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Mad Science Experiment - Smoke Rings
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bigabyte
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Joined: 09 Jul 2005
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Location: Overland Park, KS

PostPosted: Wed Feb 27 08 12:22 pm    Post subject: Mad Science Experiment - Smoke Rings Reply with quote

I'm posting my plans for this weekends experiment a bit early because it will be a busy weekend. I have had to plan this schedule out, and want to get the first part where I explain this experiment out of the way while I can.

This experiment is to test some various methods of making BBQ meat to see what impact, if any, each method has on the smoke ring formed in the meat.

I have read so many different ideas about how/why smoke rings are formed, and it is difficult to be sure which ones are right. There is a web page which I think might have the most complete plausible explanation, and that page is http://www.geocities.com/senortoad/SmokeRinginBarbequeMeats.htm

Now, in addition to some of what is described in that link, many of the things I have heard around the BBQ community about smoke rings and it's formation are things like:

1. The smoke ring shows the depth of smoke penetration into the meat.
2. It is how to tell meat has really been smoked and not cooked in an oven.
3. It is formed by wood ash landing on the meat.
4. Stops forming after meat has been on for X number of hours.
5. Stops forming after meat has reached a certain temperature (usually 140 is what I hear).
6. Stops forming when the pathways in the meat become clogged (from rub and/or soot).
7. The smoke ring is what gives meat it's smoky flavor.
8. Cooking meat in a gas oven can form a smoke ring.

My experience tells me that some of those above are definitely not correct, and I also believe some others may not be correct but have only experience to make me feel that way and no direct evidence.

So I plan to do some experiments that should shed some light on many questions about smoke ring formation. I am not planning to glean insight to all questions about smoke ring formation in this one weekend, but this weekend should demonstrate a number of smoke ring facts and misconceptions.

I am going to be cooking 16 pieces of pork in 3 different cookers. Each piece of pork will be a quarter block of a deboned pork shoulder butt. I will quarter 4 butts to get the 16 pieces. These should be of sufficient size to make a good test, yet small enough to not be so wasteful I begin to question why the hell I'm doing all this.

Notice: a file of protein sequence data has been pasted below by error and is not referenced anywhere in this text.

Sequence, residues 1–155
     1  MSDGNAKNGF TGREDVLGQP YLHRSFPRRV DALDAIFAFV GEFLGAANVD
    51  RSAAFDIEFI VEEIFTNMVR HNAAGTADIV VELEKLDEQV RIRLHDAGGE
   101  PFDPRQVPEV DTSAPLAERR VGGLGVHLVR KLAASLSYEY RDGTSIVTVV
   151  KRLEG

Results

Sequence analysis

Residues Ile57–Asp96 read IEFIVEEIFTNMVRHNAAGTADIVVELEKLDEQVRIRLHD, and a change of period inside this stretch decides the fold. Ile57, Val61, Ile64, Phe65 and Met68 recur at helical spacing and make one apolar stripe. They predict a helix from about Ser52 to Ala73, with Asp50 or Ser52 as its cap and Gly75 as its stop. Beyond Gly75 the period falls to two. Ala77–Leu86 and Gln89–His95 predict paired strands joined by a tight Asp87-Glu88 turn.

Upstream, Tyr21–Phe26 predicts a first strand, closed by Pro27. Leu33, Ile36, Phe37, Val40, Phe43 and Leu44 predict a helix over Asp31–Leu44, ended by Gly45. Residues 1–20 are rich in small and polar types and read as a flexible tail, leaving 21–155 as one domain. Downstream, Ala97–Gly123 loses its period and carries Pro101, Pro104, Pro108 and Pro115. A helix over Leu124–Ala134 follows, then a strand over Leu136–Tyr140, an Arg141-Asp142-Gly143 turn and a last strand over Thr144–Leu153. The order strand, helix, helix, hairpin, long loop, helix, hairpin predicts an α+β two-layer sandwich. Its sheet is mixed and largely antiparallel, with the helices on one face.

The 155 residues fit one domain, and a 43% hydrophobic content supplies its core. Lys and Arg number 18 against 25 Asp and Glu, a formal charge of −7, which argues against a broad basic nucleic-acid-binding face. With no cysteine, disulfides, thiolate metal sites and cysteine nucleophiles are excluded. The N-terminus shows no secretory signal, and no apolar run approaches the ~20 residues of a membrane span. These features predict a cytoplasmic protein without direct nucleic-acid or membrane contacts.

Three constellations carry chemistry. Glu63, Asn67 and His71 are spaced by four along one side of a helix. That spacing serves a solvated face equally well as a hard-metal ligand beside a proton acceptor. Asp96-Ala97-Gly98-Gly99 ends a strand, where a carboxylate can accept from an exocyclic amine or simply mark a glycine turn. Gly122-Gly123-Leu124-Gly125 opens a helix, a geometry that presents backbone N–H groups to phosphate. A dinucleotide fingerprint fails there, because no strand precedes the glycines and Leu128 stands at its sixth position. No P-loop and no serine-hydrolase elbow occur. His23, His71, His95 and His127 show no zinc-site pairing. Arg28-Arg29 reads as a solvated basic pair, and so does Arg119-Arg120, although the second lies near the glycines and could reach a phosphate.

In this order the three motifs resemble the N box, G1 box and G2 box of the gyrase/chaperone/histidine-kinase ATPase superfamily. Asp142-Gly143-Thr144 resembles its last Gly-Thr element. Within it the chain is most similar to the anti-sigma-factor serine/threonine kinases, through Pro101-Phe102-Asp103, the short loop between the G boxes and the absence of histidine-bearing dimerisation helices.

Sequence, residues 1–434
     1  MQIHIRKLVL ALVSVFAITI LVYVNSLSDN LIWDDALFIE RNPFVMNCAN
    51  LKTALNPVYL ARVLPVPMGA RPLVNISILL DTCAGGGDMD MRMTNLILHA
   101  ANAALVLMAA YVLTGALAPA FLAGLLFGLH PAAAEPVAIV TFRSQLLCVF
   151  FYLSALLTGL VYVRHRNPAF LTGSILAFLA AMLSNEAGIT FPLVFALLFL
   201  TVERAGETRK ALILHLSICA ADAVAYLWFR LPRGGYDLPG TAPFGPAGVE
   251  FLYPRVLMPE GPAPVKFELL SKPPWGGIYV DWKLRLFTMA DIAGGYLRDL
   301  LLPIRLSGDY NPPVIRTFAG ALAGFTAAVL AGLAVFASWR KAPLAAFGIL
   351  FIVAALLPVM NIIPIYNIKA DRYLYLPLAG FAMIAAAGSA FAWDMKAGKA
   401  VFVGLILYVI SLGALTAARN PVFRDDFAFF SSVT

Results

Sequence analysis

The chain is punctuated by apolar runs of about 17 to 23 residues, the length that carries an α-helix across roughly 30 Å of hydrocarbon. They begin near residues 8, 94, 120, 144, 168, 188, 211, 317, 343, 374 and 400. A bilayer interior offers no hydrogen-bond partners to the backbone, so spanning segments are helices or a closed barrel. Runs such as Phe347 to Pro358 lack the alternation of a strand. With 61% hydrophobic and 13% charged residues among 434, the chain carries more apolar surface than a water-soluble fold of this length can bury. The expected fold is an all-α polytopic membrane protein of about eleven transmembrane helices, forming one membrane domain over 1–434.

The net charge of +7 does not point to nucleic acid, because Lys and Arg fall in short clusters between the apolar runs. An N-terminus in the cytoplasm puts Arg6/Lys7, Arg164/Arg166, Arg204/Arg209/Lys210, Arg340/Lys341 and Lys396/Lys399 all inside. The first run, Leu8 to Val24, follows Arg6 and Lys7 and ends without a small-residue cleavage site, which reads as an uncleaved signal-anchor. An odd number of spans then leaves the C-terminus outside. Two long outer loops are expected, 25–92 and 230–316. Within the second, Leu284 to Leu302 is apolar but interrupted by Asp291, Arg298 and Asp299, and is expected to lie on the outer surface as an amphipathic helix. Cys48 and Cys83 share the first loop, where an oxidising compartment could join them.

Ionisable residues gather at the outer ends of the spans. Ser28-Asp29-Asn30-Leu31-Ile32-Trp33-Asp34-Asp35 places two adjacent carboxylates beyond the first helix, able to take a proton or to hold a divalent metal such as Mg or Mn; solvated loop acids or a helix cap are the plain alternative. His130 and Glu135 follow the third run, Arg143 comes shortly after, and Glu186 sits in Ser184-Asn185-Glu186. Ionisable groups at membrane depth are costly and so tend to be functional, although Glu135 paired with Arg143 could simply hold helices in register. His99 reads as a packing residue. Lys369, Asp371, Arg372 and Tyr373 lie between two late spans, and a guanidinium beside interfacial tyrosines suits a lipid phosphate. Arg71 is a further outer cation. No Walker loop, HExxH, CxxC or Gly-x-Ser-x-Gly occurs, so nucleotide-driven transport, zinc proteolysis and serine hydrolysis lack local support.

Two of the cookers will be WSM's running on wood chunks and charcoal briquettes. One WSM will have a water pan to make a moist cooking environment, and the other will use a sand pan to have a drier cooking environment. Each will be cooking at approximately 250-275 degress. The third cooker will be a gas oven set to the same temps that the cookers are running at.

On each of the WSM's I will place 6 pieces of meat prepared the following ways. The only difference between the 2 WSM's will be the moist vs dry environments.

1. Plain, no treatment of any kind before or during the cook.
2. Brined for 24 hours prior to cooking.
3. Plain, but spritzed with apple juice every 45 minutes during cooking.
4. Rubbed overnight before cooking.
5. Slather and rub applied overnight before cooking.
6. Brined for 24 hours, then slathered and rubbed overnight, and spritzed with water every 45 minutes during cooking.

In the oven I will place 4 pieces of meat prepared the following ways:

1. Plain, no treatment of any kind before or during the cook.
2. Rub of Morton Tenderquick Cure applied to meat before cooking.
3. Slather of liquid smoke and rub of Morton Tenderquick Cure applied to meat before cooking.
4. Rub of wood ash applied before cooking (it will not be eaten though).

What should be demisntrated by all this:

1. What differences, if any, are there in smoke ring formation between a wet and dry cooking environment?
2. Does applying extra moisture to the meat with mop/spritz or brining affect the smoke ring compared to not using these techniques, and is one method better than the other?
3. Do rubs, slathers, or mops/spritzes clog up the meat pores reducing depth of smoke ring compared to meats that do not use these techniques?
4. Does cooking in a gas oven form a smoke ring?
5. Can a smoke ring be formed in meat cooked in a smoke-free gas oven?
6. Can smokey flavored meats with a smoke ring be produced in a smoke-free gas oven?
7. Does wood ash contribute to smoke ring development?

Questions that are not answered in this experiment, but I hope to answer in a future experiment are:

1. Does the smoke ring represent the penetration of smoke flavor into the meat?
2. Does smoke ring formation stop after meat has been cooking for a certain amount of time, or when it reaches a certain temperature?